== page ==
The Telegraph
Since 1st March, 1999
Email This Page
Holocaust denier beckons Hannibal

June 30: The trial of David Irving, the British historian branded a Holocaust denier by a high court judge, is to be turned into a £10-million drama, expected to star Sir Anthony Hopkins.

Ridley Scott, the director of Gladiator and Alien, is to produce the film, based on the libel trial three years ago in which Irving was called an “anti-Semite and racist” who “distorted historical data to suit his own political agenda”.

The declaration effectively ended Irving’s career, during which he had argued that Hitler did not plan a “Final Solution” for Jews. His court defeat was hailed by campaigners against Holocaust denial.

The film is being scripted by Ronald Harwood, who won an Oscar last year for the screenplay of the Holocaust drama The Pianist. Scott is keen for the role of Irving to be played by Hopkins, who won fame as the cannibalistic serial killer Hannibal Lecter in The Silence of the Lambs.

One senior executive involved in the project said: “The film will be the definitive story of the trial and its role in the Holocaust story. As far as both Scott and Harwood are concerned, Hopkins has the first say on the role. The part is his for the asking.”

The drama is being produced by HBO, the American production company behind The Gathering Storm, the recent award-winning drama about Churchill starring Albert Finney, on which Scott was executive producer.

The Irving libel trial came about after American historian Deborah Lipstadt condemned him in her 1994 book Denying the Holocaust: The Growing Assault on Truth and Memory. Irving sued, saying the description of him as a man prepared to bend historical evidence “until it conforms with his ideological leanings and political agenda” was damaging to his career.

Irving — a heroic figure to some far-Right groups — represented himself during the trial, in which he argued that the number of Jews killed by the Nazis had been exaggerated and that there had been no programme of “systematic extermination”.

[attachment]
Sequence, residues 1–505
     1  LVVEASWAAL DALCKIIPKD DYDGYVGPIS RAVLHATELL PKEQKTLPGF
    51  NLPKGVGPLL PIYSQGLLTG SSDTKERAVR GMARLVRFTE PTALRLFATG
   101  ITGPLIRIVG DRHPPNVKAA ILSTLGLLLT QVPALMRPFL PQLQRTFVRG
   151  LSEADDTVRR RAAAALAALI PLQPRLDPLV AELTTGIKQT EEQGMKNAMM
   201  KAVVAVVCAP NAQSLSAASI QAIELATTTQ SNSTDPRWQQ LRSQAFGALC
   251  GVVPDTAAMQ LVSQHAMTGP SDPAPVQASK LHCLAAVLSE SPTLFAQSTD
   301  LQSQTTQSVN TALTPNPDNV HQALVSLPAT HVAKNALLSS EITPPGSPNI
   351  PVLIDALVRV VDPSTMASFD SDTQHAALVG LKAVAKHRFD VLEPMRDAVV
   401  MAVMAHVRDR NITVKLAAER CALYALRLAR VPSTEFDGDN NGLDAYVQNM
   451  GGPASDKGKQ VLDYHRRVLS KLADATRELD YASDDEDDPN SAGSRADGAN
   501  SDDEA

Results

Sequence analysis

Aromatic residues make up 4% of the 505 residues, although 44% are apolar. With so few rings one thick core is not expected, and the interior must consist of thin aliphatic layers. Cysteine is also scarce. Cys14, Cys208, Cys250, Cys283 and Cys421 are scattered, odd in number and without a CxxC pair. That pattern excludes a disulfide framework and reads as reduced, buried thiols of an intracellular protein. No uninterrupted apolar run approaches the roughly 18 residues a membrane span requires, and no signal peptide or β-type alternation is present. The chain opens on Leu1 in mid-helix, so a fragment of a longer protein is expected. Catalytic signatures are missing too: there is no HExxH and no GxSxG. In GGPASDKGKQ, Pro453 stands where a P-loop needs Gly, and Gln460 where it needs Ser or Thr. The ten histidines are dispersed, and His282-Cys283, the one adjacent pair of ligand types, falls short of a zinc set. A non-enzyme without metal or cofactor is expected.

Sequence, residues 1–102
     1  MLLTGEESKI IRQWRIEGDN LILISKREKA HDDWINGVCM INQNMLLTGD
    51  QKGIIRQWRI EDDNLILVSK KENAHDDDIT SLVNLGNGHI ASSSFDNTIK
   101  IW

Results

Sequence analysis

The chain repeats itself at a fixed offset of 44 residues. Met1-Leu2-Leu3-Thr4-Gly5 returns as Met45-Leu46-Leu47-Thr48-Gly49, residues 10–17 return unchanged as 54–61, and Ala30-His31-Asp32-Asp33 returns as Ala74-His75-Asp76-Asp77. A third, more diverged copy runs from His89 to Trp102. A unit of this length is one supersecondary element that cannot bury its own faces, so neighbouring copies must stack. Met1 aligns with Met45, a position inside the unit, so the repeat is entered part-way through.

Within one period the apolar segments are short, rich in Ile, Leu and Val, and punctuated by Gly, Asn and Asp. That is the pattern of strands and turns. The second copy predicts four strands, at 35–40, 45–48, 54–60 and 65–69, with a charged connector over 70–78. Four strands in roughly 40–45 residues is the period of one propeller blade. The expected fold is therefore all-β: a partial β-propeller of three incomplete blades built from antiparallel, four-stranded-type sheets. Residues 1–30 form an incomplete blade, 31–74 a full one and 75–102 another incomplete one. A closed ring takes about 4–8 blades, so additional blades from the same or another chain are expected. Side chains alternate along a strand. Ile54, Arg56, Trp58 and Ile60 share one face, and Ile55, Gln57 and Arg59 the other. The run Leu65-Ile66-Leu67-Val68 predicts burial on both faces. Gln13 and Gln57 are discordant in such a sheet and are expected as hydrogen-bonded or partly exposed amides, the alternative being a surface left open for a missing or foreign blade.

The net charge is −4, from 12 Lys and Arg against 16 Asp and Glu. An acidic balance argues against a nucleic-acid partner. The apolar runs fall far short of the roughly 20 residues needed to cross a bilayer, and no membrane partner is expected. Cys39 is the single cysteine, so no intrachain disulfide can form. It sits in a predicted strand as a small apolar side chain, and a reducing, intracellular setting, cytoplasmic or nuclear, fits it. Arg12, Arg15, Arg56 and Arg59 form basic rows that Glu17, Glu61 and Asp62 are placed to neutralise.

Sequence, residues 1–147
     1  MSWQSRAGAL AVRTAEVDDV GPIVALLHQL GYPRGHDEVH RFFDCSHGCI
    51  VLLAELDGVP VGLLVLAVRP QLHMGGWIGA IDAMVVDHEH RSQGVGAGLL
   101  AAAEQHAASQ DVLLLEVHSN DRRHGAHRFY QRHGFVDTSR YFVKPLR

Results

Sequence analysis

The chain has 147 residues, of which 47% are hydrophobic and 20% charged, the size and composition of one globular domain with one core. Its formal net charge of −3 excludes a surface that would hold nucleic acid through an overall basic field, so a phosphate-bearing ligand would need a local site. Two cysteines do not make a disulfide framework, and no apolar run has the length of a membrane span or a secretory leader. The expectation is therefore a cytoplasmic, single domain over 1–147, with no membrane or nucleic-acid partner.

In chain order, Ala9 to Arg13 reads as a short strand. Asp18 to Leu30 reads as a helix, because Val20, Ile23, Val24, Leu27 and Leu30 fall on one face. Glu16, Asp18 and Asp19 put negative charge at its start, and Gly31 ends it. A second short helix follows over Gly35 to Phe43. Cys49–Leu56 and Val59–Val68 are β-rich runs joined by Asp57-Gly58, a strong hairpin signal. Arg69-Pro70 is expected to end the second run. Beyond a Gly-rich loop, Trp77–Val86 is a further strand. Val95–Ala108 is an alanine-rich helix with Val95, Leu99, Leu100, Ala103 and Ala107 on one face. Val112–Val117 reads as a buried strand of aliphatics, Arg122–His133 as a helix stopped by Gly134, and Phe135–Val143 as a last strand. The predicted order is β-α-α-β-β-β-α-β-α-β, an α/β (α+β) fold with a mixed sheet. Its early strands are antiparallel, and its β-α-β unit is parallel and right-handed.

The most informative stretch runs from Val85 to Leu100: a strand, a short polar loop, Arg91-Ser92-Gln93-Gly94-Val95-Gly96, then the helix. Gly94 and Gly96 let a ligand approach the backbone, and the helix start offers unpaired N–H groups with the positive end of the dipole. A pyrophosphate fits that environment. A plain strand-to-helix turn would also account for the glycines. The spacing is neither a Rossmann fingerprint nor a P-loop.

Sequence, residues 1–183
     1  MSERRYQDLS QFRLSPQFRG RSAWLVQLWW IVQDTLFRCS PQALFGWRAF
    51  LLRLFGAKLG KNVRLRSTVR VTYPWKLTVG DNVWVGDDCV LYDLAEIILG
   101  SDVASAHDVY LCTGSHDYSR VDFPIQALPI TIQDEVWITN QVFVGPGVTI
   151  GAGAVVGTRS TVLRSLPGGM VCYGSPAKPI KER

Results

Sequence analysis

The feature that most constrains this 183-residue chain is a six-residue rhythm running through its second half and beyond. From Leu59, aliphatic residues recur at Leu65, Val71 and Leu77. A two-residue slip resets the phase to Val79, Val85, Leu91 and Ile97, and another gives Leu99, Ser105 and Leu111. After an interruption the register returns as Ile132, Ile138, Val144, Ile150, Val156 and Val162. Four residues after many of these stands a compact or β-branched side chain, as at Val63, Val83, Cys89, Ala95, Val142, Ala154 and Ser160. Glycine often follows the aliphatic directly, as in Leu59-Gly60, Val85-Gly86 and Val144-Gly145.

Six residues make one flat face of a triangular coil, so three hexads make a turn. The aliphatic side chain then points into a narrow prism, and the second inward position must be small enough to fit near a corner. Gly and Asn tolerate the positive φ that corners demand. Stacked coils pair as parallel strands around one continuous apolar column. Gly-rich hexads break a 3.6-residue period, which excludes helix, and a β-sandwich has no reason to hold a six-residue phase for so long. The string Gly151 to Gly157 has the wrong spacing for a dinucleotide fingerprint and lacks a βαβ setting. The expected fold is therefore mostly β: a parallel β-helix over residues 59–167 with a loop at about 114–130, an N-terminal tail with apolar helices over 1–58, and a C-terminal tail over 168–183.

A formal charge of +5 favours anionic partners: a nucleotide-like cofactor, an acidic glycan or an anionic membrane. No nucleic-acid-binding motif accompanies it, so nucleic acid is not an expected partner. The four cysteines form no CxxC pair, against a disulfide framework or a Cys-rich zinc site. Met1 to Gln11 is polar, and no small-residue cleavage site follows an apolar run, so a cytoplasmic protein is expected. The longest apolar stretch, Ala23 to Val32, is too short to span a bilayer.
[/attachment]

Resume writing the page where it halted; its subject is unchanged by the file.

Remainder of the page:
However, Justice Gray ruled that Irving was an anti-Semitic racist whose claims were demonstrably untrue, and ordered him to meet the £2.5 million costs of the case. An appeal by Irving was rejected and he has since been declared bankrupt.

Professor Lipstadt has discussed the script with Harwood and is very enthusiastic about the film project. “I am very pleased that Ronald is involved and that the film is being done by the team behind The Gathering Storm,” she said.

"There is always a danger with things like this that they can end up generating publicity for people who don't deserve publicity. I don't think that will happen here: these are serious people who will bring a professional and committed approach to the story."

Irving, 63, told The Telegraph he had not been approached by anyone connected with the project, but added that he would be happy to help whoever was going to portray him.

"I'm relatively relaxed about the whole thing," he said. "If it is an accurate portrayal, they'll have to reflect some of my arguments and show that I was fighting on my own against a massive team of lawyers."

He thought the American public found Holocaust dramas "a big turn-off", but added: "I think a story like this will work best as a courtroom drama. I just hope they give me a fair crack of the whip."

Email This Page